I see a lot of people say “So why did they let the world know before they tried it. They’re simply not ready to die” and other awful comments, so I asked a friend who had updated her Whatsapp status moments before attempting Suicide why she made it known. Her response was “I was so tired. I just wanted people to know I had tried to hold on for so long. I also wanted some assurance. I needed someone to let me know there was something worth living for. Even when I really just wanted to die. It’s very weird but I sort of needed reassurance, and there’s a thrill in knowing that you’d take your own life. It’s the same thrill you feel when you take a dope picture and see the ‘finish upload’ tick before it’s posted on Instagram”

Here’s a quick fact about Suicide. Most people who have suicidal thoughts do not carry them through to their conclusion. Yup. It’s very true, and I can see why some people might shame someone who isn’t successful with an attempted suicide. The shame might make the suicidal person try it again. It’s similar to a do or die affair. You either help the person get better or worsen the whole thing. You see, suicidal thoughts are common, and many people experience them when they are undergoing stress, bad economy, heartbreak, frustration, grief or experiencing depression. So dear internet people, LET PEOPLE SPEAK UP! LET THEM EXPERIENCE THEIR PAIN THEIR OWN WAY BECAUSE YOU COULD NEVER UNDERSTAND BEING IN ANOTHER PERSON’S SHOES. You can relate, but understand? I’m not so sure.

The internet tells people to get help. “If you are suffering from depression or are suicidal, don’t suffer in silence” yet attack them as soon as they speak up. “Nobody is perfect” yet you expect perfection.

I’d like to share few things you can do when someone says they’re suicidal (even when it’s on Twitter and you feel the person is trying to seek attention. This is because you really can’t say when a suicidal ideation is real. And I understand that sometimes people genuinely want to help but don’t know what to do, so here goes:

  • Put religious sentiments aside and try to avoid saying “It is well, you’ll be fine, God forbid, You’re too strong for this, you’ll overcome, you just need money” I know those are the Nigerian first aid help phrases, so avoid them. I can truly tell you they don’t help that much. I’d just roll my eyes as a suicidal person.

  • Get a close friend or family member to reach out to them or stay with them till that feeling passes.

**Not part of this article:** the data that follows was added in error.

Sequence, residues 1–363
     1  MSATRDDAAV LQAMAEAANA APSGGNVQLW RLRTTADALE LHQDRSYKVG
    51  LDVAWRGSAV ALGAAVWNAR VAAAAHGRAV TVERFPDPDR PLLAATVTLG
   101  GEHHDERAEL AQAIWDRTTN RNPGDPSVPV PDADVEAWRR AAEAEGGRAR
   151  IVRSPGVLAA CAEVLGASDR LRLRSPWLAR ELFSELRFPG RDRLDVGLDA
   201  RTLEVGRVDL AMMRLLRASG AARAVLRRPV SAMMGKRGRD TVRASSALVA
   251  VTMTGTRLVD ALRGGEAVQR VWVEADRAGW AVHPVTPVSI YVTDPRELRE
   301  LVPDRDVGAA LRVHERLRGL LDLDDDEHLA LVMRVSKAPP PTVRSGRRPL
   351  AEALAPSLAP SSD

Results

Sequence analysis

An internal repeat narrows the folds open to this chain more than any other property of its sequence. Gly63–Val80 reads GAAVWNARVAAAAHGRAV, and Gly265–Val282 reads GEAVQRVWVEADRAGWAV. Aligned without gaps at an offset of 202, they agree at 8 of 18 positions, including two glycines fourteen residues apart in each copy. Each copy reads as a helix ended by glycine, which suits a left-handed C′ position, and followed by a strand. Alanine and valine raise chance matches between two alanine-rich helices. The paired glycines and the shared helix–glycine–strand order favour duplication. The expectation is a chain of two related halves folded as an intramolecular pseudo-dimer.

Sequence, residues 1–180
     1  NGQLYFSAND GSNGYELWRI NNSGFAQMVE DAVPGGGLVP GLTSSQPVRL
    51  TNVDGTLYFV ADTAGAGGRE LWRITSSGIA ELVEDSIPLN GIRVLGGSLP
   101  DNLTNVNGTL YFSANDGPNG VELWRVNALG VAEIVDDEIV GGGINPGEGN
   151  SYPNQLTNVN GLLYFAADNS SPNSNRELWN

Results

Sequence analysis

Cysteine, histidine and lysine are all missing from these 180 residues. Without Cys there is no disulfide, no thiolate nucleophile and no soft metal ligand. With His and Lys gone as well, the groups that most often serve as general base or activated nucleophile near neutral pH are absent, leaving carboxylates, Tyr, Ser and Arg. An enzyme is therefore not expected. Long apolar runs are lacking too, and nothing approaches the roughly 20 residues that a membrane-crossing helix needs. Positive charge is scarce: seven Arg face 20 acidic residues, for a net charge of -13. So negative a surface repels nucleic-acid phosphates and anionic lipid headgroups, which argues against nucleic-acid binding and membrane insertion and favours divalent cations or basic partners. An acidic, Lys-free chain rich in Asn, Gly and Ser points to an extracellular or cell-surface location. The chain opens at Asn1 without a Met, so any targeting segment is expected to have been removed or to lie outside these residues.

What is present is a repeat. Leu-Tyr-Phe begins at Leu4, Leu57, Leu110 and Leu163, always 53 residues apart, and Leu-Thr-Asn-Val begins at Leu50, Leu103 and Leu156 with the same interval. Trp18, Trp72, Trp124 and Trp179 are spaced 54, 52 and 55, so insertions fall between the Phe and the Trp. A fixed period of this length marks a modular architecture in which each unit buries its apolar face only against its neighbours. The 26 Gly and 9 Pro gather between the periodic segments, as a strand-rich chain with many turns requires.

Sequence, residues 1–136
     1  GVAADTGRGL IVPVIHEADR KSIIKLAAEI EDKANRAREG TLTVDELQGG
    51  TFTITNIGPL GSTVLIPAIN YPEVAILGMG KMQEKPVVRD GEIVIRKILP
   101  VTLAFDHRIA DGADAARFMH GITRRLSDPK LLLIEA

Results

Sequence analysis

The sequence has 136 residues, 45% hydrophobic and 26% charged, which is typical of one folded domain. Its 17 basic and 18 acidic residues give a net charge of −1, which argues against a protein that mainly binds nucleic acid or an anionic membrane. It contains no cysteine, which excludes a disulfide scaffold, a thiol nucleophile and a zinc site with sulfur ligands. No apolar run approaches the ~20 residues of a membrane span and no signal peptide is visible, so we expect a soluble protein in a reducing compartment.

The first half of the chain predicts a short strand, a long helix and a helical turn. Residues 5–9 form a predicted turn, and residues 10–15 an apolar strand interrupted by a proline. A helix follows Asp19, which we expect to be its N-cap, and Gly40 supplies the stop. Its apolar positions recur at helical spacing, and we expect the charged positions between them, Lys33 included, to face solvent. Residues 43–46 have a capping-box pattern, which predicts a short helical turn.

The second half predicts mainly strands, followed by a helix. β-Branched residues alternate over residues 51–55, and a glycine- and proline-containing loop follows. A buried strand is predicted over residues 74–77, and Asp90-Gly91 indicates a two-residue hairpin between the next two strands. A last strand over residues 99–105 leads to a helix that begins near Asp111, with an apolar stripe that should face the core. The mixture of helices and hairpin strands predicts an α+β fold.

• Send them sweet and encouraging text messages, tell them they can rant to you, tag @MentallyAwareNG on social media (if it’s an emergency) to reach out to them. Now, if your friend confides in you and it’s not an emergency, please, don’t go posting their names on social media seeking for help. You can reach MANI to help you with what to say or how to get through to your loved one.

  • Be quiet and don’t interject when they’re talking to you. Don’t try to sound smart or woke or religious. They won’t get it or it might just irritate them. Also, don’t leave them alone for long.

  • Try to make them see a counselor or psychologist afterwards. (I had a friend who told me his heart skipped a beat when I told him to speak with a therapist. You can be subtle and say “Would you like to speak with someone who might understand better and is trained to make you feel better. You can always still rant and talk to me. I’ll be here. But it’ll mean so much to me if you do”) Don’t say you understand when you don’t.

  • Avoid saying things like ‘you have so much going on for you’ ‘you have a good job’ or you have money na or ‘others have it worse’ as It makes their pain seem insignificant, and by saying that, you’re either going to make them feel ashamed or angry, and they’ll either stop communicating with you or end up carrying out the suicidal attempt much later.

  • Be kind to everyone. You don’t know what they’re going through. One insensitive word can trigger harmful thoughts. Not everyone looks like what they’re going through. BE KIND TO PEOPLE, ESPECIALLY ON THE INTERNET. IT’S ABSOLUTELY FREE.

In summary, let people speak their truth, be empathic and sensitive to other people’s pain. You may have it worse, you may have failed Jamb 20 and 1 times, you may have lost your parents earlier than Arya stark, you may be in a broken marriage, you may have lost your job just last week, you may be running at a business loss, you may be battling with a mental illness, you may be planning a difficult breakup, you may be on the onset of a relapse, I just want to say I’m sending you love, light, and truckloads of virtual hugs. Share with others too, help them get help, let them speak!

 

Love, 

Shola Ajayi

Culled from Mentally Aware Nigeria Initiative

*If you or anyone you know is facing depression and/or suicidal thoughts, please call these numbers 08091116264, 08062106493, 08092106493. 

So Sad: UNN 1st class student Chukwuemeka Akachi commits suicide, leaves suicide note

A 1st class student of the University of Nigeria, Nsukka, UNN Chukwuemeka Akachi, has committed suicide after dropping a suicide note on Facebook.

The first class final year student of English and Literary studies had been been having a long battle with mental health.

His message read:

“Suicide Note.
Forgive me. In case you are the one who found the body, I am really sorry. It had to be someone, you know. I have chosen Jo Nketaih’s poem as my suicide note: “They said you came looking for me. I didn’t drown; I was the water.” Where do atheists go to when they die? lol. Amen.”

Akachi died yesterday, after leaving a suicide note and revealing his long battle with mental health on Facebook.